A California bankruptcy judge last week rejected the claims of Screen Capital International Corp., as well as approximately $3 million in associated legal fees, in the bankruptcies of film financier David Bergstein’s companies.
A California judge on Monday refused to dismiss a suit brought by Jimi Hendrix's estate seeking to exit an agreement to produce a concert film, saying a jury should decide whether a producer acted unreasonably in blocking the estate's agreement with Sony Music Entertainment to distribute the film.
A group of minors last week pushed back at Google Inc. and Viacom Inc.'s bid to toss multidistrict litigation in New Jersey accusing them of illegally tracking the online activities of children under 13, arguing that underage users are legally unable to consent to tracking.
Jersey City, N.J., was hit with a suit in state court Friday that accuses the mayor of violating the terms of a lease by trying to oust a nonprofit as manager of the Landmark Loew’s Jersey Theatre in favor of an outside management firm.
Mattel Inc. won a ruling from a California federal judge last week that a former freelance writer didn't have any rights to the company's longtime Masters of the Universe franchise or its lead character, He-Man.
A federal judge on Monday approved a consent judgment that settles U.S. Securities and Exchange Commission claims against Frank Mazzola and his two firms for $500,000, concluding a two-year case involving funds set up to buy securities in Facebook Inc. and other companies ahead of their initial public offerings.
A Florida Senate panel on Monday passed a bill aimed at clarifying the legality of certain arcade games in the wake of legislation passed last year tightening a ban on gray-market slot machines after a scandal that prompted the lieutenant governor's resignation.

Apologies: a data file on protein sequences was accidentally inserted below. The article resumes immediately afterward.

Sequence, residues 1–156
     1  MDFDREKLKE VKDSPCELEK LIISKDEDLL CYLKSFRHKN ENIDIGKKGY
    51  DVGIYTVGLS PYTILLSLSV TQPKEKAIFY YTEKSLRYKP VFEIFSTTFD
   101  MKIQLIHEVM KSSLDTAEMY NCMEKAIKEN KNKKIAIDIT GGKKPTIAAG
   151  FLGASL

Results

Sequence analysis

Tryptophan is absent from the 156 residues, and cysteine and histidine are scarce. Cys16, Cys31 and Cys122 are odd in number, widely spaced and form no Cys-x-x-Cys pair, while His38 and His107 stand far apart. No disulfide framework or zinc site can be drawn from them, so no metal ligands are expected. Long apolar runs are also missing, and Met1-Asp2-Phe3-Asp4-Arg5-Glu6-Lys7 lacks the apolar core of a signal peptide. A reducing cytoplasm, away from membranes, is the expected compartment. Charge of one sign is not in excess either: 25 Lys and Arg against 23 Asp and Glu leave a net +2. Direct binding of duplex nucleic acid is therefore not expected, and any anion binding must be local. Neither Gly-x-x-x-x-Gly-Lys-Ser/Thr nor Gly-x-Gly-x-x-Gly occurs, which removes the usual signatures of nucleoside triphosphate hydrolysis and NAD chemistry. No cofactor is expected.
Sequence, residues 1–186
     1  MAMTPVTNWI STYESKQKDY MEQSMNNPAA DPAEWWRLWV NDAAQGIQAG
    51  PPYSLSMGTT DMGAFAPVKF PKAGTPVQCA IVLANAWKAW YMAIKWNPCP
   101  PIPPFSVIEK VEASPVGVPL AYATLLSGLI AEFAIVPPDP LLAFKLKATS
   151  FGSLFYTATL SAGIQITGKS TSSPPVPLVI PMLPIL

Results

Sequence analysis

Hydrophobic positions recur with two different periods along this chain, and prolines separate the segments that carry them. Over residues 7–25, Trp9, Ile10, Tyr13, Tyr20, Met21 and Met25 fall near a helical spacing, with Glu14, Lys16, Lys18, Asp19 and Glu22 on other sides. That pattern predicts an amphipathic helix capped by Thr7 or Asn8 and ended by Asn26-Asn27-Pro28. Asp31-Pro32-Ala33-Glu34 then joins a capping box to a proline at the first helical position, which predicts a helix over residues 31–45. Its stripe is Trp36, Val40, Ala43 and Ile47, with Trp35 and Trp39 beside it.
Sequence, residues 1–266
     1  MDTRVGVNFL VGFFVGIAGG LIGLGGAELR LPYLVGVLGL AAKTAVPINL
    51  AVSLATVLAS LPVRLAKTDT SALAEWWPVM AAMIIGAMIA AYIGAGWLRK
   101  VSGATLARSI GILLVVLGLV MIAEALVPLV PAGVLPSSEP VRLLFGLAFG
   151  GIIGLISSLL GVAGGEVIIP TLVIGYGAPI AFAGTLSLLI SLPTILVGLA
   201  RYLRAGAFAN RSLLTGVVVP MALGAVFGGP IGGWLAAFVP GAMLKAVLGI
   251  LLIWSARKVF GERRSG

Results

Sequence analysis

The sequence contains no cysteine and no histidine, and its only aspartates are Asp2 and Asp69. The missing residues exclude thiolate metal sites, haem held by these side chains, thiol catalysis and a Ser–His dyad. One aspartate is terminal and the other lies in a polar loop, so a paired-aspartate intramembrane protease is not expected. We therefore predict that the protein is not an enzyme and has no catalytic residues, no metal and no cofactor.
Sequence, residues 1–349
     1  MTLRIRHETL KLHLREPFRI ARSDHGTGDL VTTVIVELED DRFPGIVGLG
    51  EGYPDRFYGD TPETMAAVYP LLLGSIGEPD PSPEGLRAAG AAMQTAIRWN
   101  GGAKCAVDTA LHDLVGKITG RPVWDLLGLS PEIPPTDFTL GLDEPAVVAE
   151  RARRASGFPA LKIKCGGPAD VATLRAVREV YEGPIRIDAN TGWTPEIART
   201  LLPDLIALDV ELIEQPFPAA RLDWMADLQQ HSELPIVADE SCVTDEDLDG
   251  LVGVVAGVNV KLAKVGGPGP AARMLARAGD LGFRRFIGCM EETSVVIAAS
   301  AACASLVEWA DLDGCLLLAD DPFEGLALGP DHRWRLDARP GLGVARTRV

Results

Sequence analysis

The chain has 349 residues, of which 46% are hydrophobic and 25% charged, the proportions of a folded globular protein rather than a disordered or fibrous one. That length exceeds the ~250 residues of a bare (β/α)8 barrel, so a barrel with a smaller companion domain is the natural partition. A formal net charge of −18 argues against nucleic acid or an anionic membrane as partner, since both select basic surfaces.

Gawker Media LLC asked a California federal judge on Monday to toss Quentin Tarantino's copyright infringement lawsuit over the leak of his screenplay for a Western called "The Hateful Eight," saying the publication of links to a third-party posting of the script was legal fair use.
Hip-hop star and entrepreneur Sean Combs bid $200 million for the Fuse cable-TV channel, while TPG Capital is looking to pare down Ingham Enterprises' farm portfolio by 56 properties worth up to $590 million.
A Cablevision Systems Corp. shareholder filed suit Friday against founder Charles Dolan and his family in a Delaware state court, alleging the company's profits have been diluted by widespread nepotism and exorbitant salaries that value bloodlines over experience.
The Eighth Circuit on Monday shot down a chiropractor and a medical and legal referral business’s challenge to recent Minnesota automobile insurance law changes restricting the solicitation and advertisement of medical services to car accident victims.
The path to success for women is the same as it is for men — building relationships, delivering an excellent work product and earning the trust of your clients by serving as both a legal and strategic business adviser. I must confess, however, that I also had to learn to drink scotch and play golf, says Linda Goldstein, chairwoman of Manatt Phelps & Phillips LLP's advertising, marketing and media division.